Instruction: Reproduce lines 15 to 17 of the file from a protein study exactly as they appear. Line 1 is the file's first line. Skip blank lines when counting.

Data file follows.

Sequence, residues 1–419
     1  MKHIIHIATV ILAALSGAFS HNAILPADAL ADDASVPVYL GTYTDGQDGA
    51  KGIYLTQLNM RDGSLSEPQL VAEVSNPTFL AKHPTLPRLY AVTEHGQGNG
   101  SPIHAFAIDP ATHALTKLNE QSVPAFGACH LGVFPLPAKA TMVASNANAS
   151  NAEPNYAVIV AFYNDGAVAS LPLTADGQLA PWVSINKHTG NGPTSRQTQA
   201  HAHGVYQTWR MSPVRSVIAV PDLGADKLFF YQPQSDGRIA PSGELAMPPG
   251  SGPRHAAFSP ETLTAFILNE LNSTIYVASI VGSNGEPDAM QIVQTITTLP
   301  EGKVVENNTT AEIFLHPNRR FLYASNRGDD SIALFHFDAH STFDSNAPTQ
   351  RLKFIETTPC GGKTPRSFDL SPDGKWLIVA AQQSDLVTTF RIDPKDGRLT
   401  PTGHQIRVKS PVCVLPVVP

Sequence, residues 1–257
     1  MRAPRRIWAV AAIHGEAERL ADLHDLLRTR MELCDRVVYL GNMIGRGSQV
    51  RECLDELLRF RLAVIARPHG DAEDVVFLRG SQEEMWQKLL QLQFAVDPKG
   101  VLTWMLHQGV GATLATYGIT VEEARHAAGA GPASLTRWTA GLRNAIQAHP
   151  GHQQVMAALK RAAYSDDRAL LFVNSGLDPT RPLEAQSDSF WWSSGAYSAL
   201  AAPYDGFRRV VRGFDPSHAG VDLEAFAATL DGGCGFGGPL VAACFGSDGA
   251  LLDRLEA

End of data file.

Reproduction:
   151  GHQQVMAALK RAAYSDDRAL LFVNSGLDPT RPLEAQSDSF WWSSGAYSAL
   201  AAPYDGFRRV VRGFDPSHAG VDLEAFAATL DGGCGFGGPL VAACFGSDGA
   251  LLDRLEA